Sunday, May 2, 2010

Tea Party Anatomy, or, Political Shortcuts and You!

Have you noticed how much respect we’ve gained for the tea partiers in the past year or so? Before, we were calling them teabaggers, dismissing them with the name itself (they did, to be fair, bring it upon themselves); now, because we essentially recognize their importance, we call them tea partiers. That, in itself, is as much a demonstration as to their political importance and viability as anything else.

In fact, they’re taken so seriously that Eugene Robinson, a Washington Post columnist, is able to write this paragraph, and it makes sense:
Activists for Latino and immigrant rights -- and supporters of sane governance -- held weekend rallies denouncing the new law and vowing to do everything they can to overturn it. But where was the Tea Party crowd? Isn't the whole premise of the Tea Party movement that overreaching government poses a grave threat to individual freedom? It seems to me that a law allowing individuals to be detained and interrogated on a whim -- and requiring legal residents to carry identification documents, as in a police state -- would send the Tea Partyers into apoplexy. Or is there some kind of exception if the people whose freedoms are being taken away happen to have brown skin and might speak Spanish?
Robinson is able to take the tea partier’s objections seriously before dismissing them, a key sign of a grudging sort of respect. Now, there’s an easy explanation for this that’s only sort-of rooted in race (which Robinson correctly labels a key factor). Let’s look at the key document, the founding document in the tea party movement:




Aside from the very key allusion to the winners subsidizing the “losers”, there’s also fun asides like how the ’54 Chevy was the “last great car to come out of Detroit” and how he’ll dump the “derivatives securities” straight into Lake Michigan and of course how this crowd of white trader dudes is the “silent majority” and indeed a fine statistical cross-section of America. Then, of course, there’s the constant rhetorical alliance with the Founding Fathers. You can call it right populism, and the very helpful new political taxonomy of Noah Millman’s places the tea party’s ideology pretty easily: they’re liberals (they like individuals and dislike the government); they’re right (they’re concerned with the winners of the world rather than the “losers”); and they’re reactionaries (things were better in the past than they will be in the future). They're concerned about the moral decadence of America, a type that's very common in every political persuasion (though the targets are always different).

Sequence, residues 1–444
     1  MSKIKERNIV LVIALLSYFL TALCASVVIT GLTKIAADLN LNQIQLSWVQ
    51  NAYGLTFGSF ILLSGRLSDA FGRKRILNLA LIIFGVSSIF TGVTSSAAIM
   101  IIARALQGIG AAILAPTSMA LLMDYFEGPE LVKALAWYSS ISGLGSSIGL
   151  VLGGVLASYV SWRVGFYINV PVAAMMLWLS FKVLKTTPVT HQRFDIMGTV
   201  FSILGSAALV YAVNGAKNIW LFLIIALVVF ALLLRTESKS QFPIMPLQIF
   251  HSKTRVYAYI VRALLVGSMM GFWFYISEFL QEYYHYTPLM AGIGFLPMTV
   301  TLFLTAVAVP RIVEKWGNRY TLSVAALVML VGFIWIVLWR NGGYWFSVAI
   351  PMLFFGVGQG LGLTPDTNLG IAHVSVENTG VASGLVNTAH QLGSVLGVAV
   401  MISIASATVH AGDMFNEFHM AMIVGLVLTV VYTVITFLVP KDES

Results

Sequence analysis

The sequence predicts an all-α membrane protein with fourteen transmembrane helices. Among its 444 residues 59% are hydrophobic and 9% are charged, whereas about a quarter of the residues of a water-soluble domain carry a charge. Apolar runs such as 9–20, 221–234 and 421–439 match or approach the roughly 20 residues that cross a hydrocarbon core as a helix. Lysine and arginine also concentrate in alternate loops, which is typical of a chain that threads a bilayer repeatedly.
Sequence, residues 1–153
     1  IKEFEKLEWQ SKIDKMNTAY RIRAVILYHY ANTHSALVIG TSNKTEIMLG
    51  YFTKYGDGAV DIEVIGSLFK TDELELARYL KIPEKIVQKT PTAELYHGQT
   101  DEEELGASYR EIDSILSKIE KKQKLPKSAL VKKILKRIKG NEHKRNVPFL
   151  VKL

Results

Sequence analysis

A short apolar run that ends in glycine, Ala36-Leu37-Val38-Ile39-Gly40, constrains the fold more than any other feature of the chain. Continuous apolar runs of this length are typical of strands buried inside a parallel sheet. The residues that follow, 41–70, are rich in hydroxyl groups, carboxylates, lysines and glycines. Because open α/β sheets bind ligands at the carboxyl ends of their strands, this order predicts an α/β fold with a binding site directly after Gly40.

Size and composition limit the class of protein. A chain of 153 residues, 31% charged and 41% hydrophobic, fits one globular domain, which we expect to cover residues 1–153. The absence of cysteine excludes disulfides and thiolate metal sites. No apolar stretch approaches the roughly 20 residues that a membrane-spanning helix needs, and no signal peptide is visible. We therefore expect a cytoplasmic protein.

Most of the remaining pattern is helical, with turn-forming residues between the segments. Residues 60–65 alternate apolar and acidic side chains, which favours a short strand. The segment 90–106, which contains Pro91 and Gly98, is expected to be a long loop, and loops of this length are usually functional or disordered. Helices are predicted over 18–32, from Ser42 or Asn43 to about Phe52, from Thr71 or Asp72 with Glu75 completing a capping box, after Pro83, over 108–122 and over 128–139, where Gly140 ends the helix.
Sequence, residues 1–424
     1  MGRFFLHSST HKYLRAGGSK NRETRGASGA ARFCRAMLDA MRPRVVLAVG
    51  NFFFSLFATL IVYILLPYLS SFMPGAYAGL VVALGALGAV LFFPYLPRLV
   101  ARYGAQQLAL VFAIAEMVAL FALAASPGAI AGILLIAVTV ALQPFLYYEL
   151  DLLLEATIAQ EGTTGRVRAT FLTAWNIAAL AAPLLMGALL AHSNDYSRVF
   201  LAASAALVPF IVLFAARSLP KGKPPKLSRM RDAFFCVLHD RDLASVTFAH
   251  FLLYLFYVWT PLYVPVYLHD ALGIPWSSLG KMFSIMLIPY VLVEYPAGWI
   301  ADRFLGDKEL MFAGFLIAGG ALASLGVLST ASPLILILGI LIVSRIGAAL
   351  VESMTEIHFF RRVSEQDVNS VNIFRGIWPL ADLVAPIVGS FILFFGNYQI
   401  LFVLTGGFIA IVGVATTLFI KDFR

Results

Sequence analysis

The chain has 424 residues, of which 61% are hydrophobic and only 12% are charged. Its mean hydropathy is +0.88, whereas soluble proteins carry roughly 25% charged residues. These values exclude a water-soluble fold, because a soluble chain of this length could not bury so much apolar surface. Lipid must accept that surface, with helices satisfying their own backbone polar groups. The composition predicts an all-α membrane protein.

On some level, the tea party is squeezed on one end by economic problems and on the other hand by what academics would label modernity. Shit’s changing, and they wonder why. Where a leftist is prone to blame such forces as conservatives and big businessmen, a rightist is more prone to suspect the “losers” among us, who are leeching our resources—only the strong survive and all that—hence the concern with those Latinos stealing our jobs. Which is the answer to Robinson’s question: race is a big part (the classic fear-of-the-other) but comparably as big is the “loser” part of the equation; hence the problems with mortgage modification and what have you. When things get tribal, a lot of people think the government’s out for someone else.

Liberals (to use the easy shorthand rather than Millman’s well-worked-out dichotomy) don’t really understand this because at heart we’re mostly cosmopolitans who really do want all of us to get along. In our hearts, we’re really sure the forces we hate can be reformed if shown the errors of our ways. We think the problem is rational, and a large part of anti-tea-party commentary revolves around its viral internet memes (those e-mails!) and its appeals to irrationality, fear, and character-based worries rather than policy (which it is wrong at when it does bother to address policy matters).

As you can probably tell from the preceding paragraph, I think these critiques are right—tea partiers are wrong on the policy issues of substance and they do make patently false claims—but unsatisfying. Liberals are perfectly willing to do viral e-mails. Like, take this e-mail I’ve received four or five times that’s originally by Tim Wise: